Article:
The West Chester, Ohio-based steelmaker has announced two price increases worth a combined $55 per ton ($2.75 per hundredweight) since the Section 232 probe was launched, AK ceo Roger K Newport said during a conference call with analysts on Tuesday July 25.
However, those increases stemmed not from the Section 232 investigation but from higher costs for raw materials such as iron ore, scrap and coking coal, he said.
And while steel prices are projected to rise in the second half of the year, it is not a slam dunk, Newport said.
“Uncertainty regarding the pending Section 232 investigation makes predicting future market prices more difficult than normal,” he said.
Newport’s comments echoed those of John Ferriola, the top executive of Charlotte, North Caroline-based Nucor Corp, who also lowered Section 232 expectations during his company’s second-quarter earnings call.
The Trump administration launched its Section 232 probe in April, failed to meet a self-imposed June 30 deadline and has subsequently provided no timeline for an investigation it said was in its “final stages of review” two weeks ago.
Newport confirmed that he had met with administration officials last week in Washington. He said the company urged President Donald Trump to adopt a “broadly applied” Section 232 remedy that “doesn’t create loopholes out there” for other nations “to jump through to bring steel into our country”.
A broad-based solution is necessary because traditional trade cases – including ones won by the domestic industry – have failed to stem a growing tide of imports, Newport said.
“Pricing has remained more volatile than we expected. […] This volatility reflects the challenges we continue to face in a marketplace where imports continue to flood into our country.”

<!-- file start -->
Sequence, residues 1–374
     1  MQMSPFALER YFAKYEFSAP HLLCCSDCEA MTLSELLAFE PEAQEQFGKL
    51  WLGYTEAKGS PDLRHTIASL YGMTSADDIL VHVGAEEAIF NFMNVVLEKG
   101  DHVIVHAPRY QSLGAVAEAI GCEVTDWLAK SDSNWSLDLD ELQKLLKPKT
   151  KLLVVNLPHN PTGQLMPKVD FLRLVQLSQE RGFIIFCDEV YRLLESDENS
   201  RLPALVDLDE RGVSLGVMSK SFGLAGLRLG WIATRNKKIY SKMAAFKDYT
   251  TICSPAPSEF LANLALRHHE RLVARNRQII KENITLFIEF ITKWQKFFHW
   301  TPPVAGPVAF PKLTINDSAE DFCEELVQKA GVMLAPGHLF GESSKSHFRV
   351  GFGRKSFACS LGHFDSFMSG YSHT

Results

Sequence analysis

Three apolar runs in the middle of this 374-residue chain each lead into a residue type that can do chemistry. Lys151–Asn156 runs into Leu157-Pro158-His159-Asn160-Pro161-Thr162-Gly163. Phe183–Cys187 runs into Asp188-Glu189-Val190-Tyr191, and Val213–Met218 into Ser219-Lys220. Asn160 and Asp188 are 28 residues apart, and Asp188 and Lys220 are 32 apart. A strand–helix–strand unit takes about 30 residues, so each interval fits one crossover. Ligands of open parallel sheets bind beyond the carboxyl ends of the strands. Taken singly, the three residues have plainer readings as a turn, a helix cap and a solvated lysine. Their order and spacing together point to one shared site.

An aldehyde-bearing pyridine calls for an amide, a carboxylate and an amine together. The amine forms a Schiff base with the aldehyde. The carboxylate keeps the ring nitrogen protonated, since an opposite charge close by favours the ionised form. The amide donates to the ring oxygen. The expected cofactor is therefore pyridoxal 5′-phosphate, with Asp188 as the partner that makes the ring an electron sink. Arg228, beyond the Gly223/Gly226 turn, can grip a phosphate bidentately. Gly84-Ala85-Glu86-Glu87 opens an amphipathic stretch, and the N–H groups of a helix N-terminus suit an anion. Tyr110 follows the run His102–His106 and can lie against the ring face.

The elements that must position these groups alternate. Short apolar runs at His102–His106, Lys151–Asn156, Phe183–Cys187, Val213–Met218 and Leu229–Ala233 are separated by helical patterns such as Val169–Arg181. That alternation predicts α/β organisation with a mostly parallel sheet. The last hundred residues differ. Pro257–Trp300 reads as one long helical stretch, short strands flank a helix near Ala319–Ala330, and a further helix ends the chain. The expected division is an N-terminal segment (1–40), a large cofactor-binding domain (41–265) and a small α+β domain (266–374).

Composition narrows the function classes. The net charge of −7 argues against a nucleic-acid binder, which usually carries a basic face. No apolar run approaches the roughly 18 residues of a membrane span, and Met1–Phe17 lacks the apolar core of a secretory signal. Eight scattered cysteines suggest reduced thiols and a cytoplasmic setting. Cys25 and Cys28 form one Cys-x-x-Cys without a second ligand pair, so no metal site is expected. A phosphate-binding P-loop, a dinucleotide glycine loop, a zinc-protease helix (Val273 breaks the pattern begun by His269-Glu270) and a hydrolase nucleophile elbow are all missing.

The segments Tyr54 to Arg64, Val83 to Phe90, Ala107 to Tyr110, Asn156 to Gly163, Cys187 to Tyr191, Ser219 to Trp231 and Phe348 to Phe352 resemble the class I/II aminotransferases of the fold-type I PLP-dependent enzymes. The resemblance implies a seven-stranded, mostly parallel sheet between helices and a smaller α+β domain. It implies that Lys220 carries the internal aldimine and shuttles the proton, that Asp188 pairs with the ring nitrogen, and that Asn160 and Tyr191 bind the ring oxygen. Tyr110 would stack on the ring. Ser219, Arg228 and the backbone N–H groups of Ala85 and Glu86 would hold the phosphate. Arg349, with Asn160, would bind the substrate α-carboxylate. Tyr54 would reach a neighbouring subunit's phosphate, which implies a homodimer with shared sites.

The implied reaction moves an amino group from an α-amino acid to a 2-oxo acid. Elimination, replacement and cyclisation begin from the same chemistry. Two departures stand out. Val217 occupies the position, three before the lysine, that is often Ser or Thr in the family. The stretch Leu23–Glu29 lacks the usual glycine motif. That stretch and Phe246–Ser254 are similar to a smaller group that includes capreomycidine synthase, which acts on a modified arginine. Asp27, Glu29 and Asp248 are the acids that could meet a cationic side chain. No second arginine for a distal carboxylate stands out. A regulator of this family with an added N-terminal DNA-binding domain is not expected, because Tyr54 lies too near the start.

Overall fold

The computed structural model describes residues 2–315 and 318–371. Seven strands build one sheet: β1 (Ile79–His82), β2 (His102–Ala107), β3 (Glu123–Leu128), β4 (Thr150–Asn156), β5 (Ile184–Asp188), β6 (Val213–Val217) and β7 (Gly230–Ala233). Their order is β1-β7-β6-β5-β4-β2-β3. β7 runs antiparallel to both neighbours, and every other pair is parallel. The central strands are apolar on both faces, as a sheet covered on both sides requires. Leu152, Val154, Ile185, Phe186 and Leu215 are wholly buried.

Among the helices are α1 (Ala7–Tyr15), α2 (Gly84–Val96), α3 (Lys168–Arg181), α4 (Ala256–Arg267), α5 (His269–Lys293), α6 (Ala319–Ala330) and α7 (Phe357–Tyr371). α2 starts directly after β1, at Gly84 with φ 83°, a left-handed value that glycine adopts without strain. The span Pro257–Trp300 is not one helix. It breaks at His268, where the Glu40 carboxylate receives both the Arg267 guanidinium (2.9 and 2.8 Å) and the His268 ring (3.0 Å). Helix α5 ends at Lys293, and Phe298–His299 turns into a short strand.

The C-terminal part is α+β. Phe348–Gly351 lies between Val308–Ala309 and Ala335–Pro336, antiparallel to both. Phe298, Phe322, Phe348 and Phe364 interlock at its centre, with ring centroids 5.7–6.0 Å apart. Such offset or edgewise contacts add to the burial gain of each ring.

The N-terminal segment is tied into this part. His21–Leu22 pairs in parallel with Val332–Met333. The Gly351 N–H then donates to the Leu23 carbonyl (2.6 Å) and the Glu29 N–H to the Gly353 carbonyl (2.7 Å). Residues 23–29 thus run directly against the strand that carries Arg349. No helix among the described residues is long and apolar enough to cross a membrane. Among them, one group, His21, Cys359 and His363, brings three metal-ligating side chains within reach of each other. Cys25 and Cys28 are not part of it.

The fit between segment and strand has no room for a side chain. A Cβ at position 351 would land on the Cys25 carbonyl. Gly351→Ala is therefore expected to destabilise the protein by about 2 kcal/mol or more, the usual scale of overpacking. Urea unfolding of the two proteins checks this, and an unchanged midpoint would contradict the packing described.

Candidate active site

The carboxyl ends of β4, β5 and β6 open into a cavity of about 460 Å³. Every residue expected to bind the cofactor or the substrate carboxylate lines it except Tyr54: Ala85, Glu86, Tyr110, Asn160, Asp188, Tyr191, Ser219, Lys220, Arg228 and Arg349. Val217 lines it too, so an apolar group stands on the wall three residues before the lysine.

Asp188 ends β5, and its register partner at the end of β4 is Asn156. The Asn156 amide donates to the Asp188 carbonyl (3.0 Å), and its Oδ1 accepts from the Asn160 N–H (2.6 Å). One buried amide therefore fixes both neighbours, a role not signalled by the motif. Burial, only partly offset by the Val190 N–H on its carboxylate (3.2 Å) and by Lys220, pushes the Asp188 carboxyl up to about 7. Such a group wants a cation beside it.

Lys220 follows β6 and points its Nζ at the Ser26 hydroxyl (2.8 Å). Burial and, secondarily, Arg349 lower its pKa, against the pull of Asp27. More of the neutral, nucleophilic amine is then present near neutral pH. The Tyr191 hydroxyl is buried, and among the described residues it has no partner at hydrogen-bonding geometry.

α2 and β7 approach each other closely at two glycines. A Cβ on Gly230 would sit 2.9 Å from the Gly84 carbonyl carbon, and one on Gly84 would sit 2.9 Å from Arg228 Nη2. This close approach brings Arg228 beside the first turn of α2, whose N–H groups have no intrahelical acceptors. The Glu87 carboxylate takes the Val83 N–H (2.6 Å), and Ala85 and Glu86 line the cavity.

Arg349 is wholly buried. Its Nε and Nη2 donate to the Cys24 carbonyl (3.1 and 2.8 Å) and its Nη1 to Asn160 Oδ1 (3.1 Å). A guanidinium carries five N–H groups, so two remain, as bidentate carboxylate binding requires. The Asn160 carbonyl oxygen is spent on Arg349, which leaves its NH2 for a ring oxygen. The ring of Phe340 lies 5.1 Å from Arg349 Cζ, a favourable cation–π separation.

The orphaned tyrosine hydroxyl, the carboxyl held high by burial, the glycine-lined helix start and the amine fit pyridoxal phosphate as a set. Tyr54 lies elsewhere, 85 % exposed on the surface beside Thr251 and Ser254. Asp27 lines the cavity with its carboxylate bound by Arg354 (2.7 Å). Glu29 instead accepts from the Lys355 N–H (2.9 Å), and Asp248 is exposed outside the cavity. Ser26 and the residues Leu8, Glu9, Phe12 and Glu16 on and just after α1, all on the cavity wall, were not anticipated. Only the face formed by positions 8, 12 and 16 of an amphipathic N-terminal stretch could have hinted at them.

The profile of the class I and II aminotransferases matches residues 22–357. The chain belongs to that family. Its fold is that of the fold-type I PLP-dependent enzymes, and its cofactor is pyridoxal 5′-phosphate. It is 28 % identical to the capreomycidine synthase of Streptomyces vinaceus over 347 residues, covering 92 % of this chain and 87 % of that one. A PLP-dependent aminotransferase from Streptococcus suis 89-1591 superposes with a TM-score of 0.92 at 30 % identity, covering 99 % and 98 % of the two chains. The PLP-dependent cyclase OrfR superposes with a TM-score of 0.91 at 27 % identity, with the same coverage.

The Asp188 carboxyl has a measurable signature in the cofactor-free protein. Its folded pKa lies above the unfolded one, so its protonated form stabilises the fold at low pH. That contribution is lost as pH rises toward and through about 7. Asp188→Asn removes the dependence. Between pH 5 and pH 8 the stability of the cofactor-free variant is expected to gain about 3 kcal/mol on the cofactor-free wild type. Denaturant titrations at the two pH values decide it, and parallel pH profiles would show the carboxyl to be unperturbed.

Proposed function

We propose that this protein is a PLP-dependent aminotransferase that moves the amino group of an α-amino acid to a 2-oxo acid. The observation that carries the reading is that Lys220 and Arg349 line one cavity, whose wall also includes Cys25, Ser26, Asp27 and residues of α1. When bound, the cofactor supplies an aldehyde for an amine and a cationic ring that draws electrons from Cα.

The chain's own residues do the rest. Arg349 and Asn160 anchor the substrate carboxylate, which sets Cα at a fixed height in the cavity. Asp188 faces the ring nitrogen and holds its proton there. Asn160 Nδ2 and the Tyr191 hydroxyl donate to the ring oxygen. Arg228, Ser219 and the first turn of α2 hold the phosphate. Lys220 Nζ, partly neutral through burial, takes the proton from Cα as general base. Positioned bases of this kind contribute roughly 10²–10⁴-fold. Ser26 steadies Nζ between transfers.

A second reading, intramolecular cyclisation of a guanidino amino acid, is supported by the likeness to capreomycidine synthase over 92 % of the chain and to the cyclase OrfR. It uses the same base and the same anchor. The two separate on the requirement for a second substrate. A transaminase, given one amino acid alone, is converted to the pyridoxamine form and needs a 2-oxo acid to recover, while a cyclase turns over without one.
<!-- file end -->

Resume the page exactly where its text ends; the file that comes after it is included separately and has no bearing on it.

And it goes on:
Imports hit a 29-month high in June and are on pace this month to meet or exceed last month’s volumes, according to US Commerce Department figures. The situation is particularly tough when it comes to electrical steels, with material from China, Japan and South Korea arriving at double the rate it did last year, Newport noted.
Imports and price volatility, combined with uncertainty around the Section 232 investigation, is part of the reason why AK has no immediate plans to restart its blast furnace in Ashland, Kentucky, Newport said. The furnace, which has been hot-idled since 2015, has capacity of 2.5 million tpy. AK will not restart it until the company is able to find a profitable home for those tons.
But AK is not counting on the Trump administration to ride to its rescue, company executives noted.
The company instead is focusing on things it can control, such as a grant from the Department of Energy to develop electrical steels that might expand the driving range of electric vehicles, company president and chief operating officer Kirk W Reich said. “We’re not sitting idly by waiting for 232, hoping it comes. We are doing plenty of other things that will bear fruit kind of regardless of what happens there.”
Also on the automotive front, AK is bracing itself for an expected 2-3% decline in light vehicle builds in 2017 compared with last year, Newport said. The dip in the company’s biggest market is no immediate cause for alarm, because 2017, despite the anticipated decline, will still be a solid year for car sales, he said.
Company executives acknowledged that automakers took more time than expected to come back from their summer shutdowns. The extended shutdowns came because some automakers needed to cut production amid bloated dealer inventories, they said.
AK is protected because the automotive pain is concentrated in small- and mid-sized vehicles, Newport said. The company’s steel, by contrast, is primarily used on larger pick-up trucks, sport utility vehicles and crossovers, where sales have remained firm.
And the company expects to outperform overall auto trends, an indication that it is taking market share from its competitors, AK executives said. And should automotive volumes slip, AK will be able to make up for the decline with increased shipments to distributors and to the spot market, they said.
The company will not hesitate to produce whichever products bring the most profits, Newport said. “We want to be selling products that are making reasonable margins. […] That could be hot rolled, cold rolled or coated.”
All told, AK’s third-quarter shipments are expected to be on par with those from the second quarter as the company makes up for lower automotive demand with increased shipments to converters and other carbon spot-market customers, cfo Jaime Vasquez said.
Overall selling prices are also expected to be marginally lower in the third quarter compared with the second due to lower raw material surcharges and the expected decline in automotive sales, he said.